Sunday, October 23, 2011

The greatest commandment

A sermon for Proper 25 A on Matthew 22:34-40 
“Hear what our Lord Jesus Christ saith: Thou shalt love the Lord thy God with all thy heart, and with all thy soul, and with all thy mind. This is the first and great commandment. And the second is like unto it: Thou shalt love thy neighbor as thyself. On these two commandments hang all the law and the prophets.”

I have a deep and visceral memory of hearing those words at church every week growing up on Sundays from the priests. Father Chillington, who was an ancient retired priest and read them in a shaking, gravelly voice; Dr. Tourigney, the founding rector, who declaimed them almost as a threat; Dr. Moore, who was an orthopedic surgeon and priest who I remember being very gentle. But no matter who spoke them, I remember that I loved them. The summary of the law is probably the first Bible verse I learned by heart—it’s a toss up between this and some of the “comfortable words” that were also used in liturgy each week.  

And they are our moral compass. We are as Christians fundamentally called to love God, and love our neighbor. 613 laws of the Old Testament are condensed by Jesus into two—and it’s not entirely clear whether that makes it easier or harder to follow. When our youth group was studying laws and commandments last spring, we recognized the advantages of having every aspect of your life clearly proscribed morally in the laws—look at the Leviticus text this morning, which extrapolates from “Love your neighbor” the specifics of how to do that: don’t hate your family, you’re responsible to let your neighbor know when he or she is sinning; and you shall not take vengeance against any of your people. But the very vagueness of the great commandment—and it’s really a single commandment because it’s impossible to love God if you hate your neighbor, and vice versa—requires us to again and again hold our actions, our thoughts, and our practices up against them and ask, “Does this help me love God? Does this help me love my neighbor?”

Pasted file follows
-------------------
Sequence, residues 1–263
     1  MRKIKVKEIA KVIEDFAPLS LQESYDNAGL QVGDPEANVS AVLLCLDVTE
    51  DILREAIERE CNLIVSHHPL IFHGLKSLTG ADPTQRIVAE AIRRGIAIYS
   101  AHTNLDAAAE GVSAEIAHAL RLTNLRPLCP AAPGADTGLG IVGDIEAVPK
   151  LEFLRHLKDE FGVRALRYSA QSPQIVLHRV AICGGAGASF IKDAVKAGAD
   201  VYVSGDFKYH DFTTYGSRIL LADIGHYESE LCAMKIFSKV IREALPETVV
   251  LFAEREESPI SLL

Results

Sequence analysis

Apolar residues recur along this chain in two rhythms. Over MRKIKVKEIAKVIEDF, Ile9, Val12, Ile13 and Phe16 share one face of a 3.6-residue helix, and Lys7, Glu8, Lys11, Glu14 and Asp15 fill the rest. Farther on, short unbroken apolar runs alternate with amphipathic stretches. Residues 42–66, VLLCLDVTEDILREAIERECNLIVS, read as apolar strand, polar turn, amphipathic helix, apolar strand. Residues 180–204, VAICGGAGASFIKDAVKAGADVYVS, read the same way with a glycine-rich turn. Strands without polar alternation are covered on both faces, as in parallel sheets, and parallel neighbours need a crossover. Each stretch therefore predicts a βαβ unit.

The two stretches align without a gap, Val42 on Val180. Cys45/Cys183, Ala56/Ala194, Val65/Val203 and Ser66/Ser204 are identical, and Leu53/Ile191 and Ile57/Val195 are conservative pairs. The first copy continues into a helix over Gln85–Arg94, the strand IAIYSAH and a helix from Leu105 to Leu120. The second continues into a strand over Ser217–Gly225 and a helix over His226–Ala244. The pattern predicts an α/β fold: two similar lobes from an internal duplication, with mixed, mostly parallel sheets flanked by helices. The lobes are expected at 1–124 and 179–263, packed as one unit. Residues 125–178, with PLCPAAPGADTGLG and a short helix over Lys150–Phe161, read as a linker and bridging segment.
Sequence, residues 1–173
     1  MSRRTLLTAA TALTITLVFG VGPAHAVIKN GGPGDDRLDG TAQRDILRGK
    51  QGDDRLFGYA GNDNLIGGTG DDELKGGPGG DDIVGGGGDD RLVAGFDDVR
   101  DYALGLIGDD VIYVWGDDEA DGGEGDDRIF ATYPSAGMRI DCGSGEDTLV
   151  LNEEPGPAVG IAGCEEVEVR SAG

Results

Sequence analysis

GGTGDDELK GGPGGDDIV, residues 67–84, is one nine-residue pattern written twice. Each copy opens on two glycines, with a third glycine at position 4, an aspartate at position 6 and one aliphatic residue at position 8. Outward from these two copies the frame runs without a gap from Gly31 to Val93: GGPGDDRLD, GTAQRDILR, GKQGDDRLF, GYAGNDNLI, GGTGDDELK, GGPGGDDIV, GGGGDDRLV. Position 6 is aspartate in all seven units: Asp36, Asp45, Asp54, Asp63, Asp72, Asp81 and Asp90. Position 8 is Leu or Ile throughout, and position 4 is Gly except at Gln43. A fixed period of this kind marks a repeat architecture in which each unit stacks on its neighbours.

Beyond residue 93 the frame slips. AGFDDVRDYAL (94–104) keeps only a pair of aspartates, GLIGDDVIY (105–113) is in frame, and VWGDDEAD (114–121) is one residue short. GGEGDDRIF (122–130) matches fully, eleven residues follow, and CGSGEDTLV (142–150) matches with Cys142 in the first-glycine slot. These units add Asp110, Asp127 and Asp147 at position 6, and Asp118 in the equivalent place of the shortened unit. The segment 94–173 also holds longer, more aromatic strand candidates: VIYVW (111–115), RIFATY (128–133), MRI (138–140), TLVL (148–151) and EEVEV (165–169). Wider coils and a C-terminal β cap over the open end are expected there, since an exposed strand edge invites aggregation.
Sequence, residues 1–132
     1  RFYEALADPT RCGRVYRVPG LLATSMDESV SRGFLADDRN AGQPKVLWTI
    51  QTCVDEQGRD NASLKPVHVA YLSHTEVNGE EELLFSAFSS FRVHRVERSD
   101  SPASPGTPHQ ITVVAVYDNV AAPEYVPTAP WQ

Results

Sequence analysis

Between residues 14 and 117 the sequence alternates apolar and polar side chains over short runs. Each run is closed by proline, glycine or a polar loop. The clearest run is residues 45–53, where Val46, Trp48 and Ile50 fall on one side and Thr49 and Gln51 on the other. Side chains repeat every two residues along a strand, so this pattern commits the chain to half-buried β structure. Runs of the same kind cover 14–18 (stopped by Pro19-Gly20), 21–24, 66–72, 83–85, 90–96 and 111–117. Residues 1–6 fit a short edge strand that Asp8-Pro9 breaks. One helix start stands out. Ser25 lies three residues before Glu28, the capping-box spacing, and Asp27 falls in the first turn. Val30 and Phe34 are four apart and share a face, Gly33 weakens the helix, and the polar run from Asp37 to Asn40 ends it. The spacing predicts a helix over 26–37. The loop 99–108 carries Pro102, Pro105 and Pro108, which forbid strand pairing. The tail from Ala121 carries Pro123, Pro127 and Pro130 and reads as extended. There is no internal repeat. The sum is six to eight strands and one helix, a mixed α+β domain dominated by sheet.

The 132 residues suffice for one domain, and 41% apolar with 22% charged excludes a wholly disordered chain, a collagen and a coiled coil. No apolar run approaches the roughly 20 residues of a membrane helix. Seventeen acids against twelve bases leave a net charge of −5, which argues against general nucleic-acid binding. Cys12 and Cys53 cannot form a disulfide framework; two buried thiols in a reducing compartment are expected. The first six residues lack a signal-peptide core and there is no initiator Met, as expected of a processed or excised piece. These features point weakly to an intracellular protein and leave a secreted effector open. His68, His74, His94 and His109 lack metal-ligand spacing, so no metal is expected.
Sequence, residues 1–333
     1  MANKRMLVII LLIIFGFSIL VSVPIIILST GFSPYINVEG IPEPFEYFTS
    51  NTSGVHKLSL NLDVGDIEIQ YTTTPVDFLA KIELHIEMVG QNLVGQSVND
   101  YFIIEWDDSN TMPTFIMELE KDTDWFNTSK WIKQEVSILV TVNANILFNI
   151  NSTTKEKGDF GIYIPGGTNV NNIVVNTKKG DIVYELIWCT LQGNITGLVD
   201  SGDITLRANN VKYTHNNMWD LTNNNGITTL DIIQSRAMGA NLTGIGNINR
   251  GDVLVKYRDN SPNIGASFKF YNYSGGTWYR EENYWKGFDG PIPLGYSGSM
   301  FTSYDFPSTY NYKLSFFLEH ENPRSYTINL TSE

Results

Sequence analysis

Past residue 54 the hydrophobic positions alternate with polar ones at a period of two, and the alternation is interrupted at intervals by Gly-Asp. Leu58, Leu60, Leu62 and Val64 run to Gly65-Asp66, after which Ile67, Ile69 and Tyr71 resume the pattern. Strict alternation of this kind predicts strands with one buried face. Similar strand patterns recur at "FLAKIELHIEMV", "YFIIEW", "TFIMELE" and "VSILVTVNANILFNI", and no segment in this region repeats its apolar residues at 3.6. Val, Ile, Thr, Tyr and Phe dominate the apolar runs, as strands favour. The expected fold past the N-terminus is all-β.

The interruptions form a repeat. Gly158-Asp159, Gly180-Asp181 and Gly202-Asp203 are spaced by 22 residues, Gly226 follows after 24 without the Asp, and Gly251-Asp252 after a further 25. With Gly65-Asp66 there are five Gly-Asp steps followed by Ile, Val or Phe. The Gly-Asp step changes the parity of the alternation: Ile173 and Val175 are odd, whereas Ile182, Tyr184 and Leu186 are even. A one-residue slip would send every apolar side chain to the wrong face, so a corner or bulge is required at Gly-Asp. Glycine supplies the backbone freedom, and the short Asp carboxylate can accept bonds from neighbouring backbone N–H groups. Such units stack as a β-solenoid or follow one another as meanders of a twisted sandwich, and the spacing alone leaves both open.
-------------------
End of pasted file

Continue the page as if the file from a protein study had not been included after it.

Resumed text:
One of the questionable moral practices we’ve let Nathan do is watch TV. I’m not sure that watching TV helps him love God or his neighbor better, but if means I get a relaxed shower in the morning while he’s watching TV, I know that it helps ME love God and my neighbor better. 

We own only one DVD of a cartoon, and it’s the Pixar movie, “Up.” Nathan has grown obsessed with it and in the last month I have probably watched significant parts of it about 15 times. It’s one of the most amazing movies about love that I’ve ever seen. The first 10 minutes or so tells the love story of Ellie and Carl, from meeting when they’re about 8 until Ellie dies when they’re old and gray. I’ve probably cried 13 of the 15 times I’ve seen those first 10 minutes now. But then the rest of the movie goes beyond romantic love into love of neighbor, love of place, love of nature, and fidelity to all of them, as Carl takes off in his house lifted up by thousands of helium balloons with a young stowaway, Russell, to search for Paradise Falls, the South American icon he and Ellie had always dreamed of visiting. Misadventures ensue, during which Carl’s tag line is “None of my concern…la la la!” regarding the boy, the dog and the bird who quickly come to depend upon him. But it’s when he discovers that it is his concern that he finds joy again.  

Ellie, after her death, ends up becoming the divine character—Carl talks to her, looking up at their house as it floats over them, and reads her holy book, a scrapbook of “Stuff I’m going to do” she began when she was a child. He starts judging his actions by what Ellie would think. And what he discovers is that Ellie wants more adventures and happiness for him than he does for himself. When he is being a curmudgeon and rejecting the love of the boy, the dog, and the bird, he’s not really loving Ellie—Ellie had longed for a child, and seems to have been some sort of zoologist. It isn’t until most of the way through the movie that Carl finally embraces the boy, the dog, and the bird and in addition to giving him the strength for the big comedic finish, it allows him to let go of their house, the icon of the past that he’s been clinging to throughout the movie, as powerful an act of oblation and self-offering if I’ve ever seen.